Colonial First State CIO Jonathan Armitage

You don’t need to look hard to find examples of concentration risk at play in the equity market.

Jonathan Armitage, chief investment officer of MLC Asset Management, points to perhaps one of the most egregious examples of equity market concentration while contemplating the effect central bank and government stimulus programs around the world have had on company valuations, during a recent conversation with Investment Magazine.

Armitage, who is responsible for overseeing the management of close to $100 billion through MLC’s flagship Horizon series and MySuper diversified portfolios, points to the increase in technology consumer retailer Amazon’s market capitalisation in the last 12 months, which in dollar terms is greater than the combined market capitalisations of US Main Street and investment bank titans Wells Fargo and JP Morgan.

Jeff Bezos’s Amazon’s market capitalisation has ballooned past $1.58 trillion, up around 75 per cent over the past 12 months, an increase that is indeed greater than Wells Fargo ($US103 billion) and JP Morgan ($US311 billion) market caps combined.

Meanwhile, Apple’s market cap has ticked over $US2 billion.

Concentration risk is apparent in certain segments of market, something “history shows won’t last”, Armitage says.

It’s this concentration risk – along with a series of additional factors, Armitage explains – that has put diversification top of mind for investors.

It’s also this equity market concentration risk that has supported Armitage’s decision increase allocations to private markets over the last 12 months, something he says he will continue to do should the liquidity portfolios overall and the quality of opportunities permit.

Private skew

Private equity allocations in MLC’s Horizon 4 and 5 series and MySuper portfolios – which account for more than $34 billion of member funds – have increased on average by around 1.5 per cent across the board, Armitage says.

At the end of June this year private equity allocations in Horizon and MySuper were portfolios were 7.3 per cent and 5.7 per cent respectively.

“Private equity can give you access to different parts of the economy public markets can’t… It gives you proper diversification considering the concentration around certain stocks in equity markets doesn’t reflect the true economy,” he says.

Armitage notes decisions to increase allocations to private equity investments are not taken lightly by superannuation funds especially in light of  scrutiny on liquidity since the government’s early release scheme was launched in March.

Armitage will join specialist private equity portfolio manager, Serge Allaire, discussing the asset class and markets more broadly in the first episode of Professional Planner’s new live-streamed Investment Insights Series entitled Resilience in uncertain times: Private equity as a diversifier to be held on Wednesday August 26. Reserve your complementary digital pass here.

It’s at these times of market dislocation and disruption private equity can come into its own, Armitage notes.

“If you go back and look at that 2008/09 period, we saw companies respond quickly. It was the companies that were able to re-emerging from the dislocation in many cases performing stronger than they were before with speed and new focus structured from growth perspective to expand market share through consolidation,” Armitage says.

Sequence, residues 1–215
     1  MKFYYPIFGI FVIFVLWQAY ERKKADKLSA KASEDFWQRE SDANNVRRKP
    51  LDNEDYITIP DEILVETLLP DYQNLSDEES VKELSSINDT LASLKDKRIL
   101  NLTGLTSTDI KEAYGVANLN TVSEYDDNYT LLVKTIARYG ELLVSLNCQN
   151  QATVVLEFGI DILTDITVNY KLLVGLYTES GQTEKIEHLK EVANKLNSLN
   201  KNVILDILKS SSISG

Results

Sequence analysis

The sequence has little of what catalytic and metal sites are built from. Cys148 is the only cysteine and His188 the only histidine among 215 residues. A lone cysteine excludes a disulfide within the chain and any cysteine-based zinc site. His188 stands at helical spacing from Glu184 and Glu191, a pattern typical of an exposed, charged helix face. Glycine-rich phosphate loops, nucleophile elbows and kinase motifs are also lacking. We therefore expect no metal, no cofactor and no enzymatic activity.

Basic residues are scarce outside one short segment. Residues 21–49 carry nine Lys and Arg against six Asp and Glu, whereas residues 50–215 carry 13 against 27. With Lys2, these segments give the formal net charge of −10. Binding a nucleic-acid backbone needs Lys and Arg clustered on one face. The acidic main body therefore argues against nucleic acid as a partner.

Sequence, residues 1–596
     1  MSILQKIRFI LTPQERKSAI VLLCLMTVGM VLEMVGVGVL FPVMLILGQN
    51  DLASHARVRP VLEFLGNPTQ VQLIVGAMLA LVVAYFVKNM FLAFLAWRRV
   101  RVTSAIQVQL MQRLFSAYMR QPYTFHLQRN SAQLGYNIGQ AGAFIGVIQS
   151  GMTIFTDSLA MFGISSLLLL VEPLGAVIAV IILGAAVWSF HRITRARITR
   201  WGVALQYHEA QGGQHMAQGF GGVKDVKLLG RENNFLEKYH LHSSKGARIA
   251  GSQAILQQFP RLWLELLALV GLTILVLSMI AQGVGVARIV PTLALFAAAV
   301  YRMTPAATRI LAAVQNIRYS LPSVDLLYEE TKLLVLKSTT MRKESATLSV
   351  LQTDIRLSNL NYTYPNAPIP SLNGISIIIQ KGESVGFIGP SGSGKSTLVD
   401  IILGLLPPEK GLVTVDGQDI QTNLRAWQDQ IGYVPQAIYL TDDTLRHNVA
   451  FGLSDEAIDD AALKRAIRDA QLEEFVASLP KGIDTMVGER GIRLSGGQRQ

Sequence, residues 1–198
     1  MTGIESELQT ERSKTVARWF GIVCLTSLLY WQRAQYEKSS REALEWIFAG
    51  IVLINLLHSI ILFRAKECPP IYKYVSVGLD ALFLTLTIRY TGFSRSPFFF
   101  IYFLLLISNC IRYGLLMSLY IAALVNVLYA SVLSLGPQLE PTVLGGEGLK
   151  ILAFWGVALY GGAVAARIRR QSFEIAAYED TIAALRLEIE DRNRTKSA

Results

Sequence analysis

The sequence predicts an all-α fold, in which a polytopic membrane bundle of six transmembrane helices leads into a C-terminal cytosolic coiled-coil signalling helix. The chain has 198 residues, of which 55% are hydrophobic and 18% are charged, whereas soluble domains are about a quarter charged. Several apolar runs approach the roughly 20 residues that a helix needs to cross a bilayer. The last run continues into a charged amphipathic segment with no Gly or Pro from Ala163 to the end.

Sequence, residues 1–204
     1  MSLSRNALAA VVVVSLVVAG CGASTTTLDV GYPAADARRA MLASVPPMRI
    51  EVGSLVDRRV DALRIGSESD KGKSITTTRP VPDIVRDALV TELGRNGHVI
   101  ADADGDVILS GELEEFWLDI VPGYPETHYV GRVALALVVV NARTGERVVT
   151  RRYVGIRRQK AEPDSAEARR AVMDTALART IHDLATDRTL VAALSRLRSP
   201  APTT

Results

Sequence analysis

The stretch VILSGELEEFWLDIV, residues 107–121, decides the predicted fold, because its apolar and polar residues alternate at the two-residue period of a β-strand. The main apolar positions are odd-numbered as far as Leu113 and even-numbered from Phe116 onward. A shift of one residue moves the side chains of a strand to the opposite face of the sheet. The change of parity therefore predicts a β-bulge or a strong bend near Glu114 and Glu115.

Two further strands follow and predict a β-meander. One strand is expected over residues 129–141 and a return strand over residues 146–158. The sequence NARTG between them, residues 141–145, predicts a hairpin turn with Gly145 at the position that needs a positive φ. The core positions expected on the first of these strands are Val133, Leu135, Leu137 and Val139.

“It’s a great opportunity for management to go into businesses that could be run better,” he says.

“Every business we have in our portfolio, every business we are looking at we are thinking about it in that way, how it can be run better,” he says.

Dislocation & disruption

“Companies that are private are much faster to address economic challenges, rather rather than be exposed to public market challenges and 6 month earnings cycles,” he says.

Armitage will look to explore co-investment opportunities as a preferred way to access opportunities thrown up by the current market dislocation, Armitage says.

A little over 20 per cent of MLC’s diversified fund private equity allocations are thorough co-investments, meaning the funds direct investments into companies introduced by the PE general partners. Seventy-six per cent of the fund’s PE allocation are primary fund investments and the remaining 3-4 per cent are in legacy fund of fund investments.

“This dislocation is the greatest we have seen since second world war – at times of dislocation things that have been bubbling up tend to be accelerated at this time,” he says, noting that while his team will be opportunistic about new private equity co-investment opportunities, fund liquidity remains top of mind as does the quality of opportunities.

And while drawing comparisons to other time periods is natural, Armitage is quick to point out that investors find themselves in unchartered territory, for many reasons, not least because government mandated economic shutdowns are unique.

“The range of potential outcomes is unusually wide, investors need to find ways to protect themselves in the face of these outcomes,” Armitage says.

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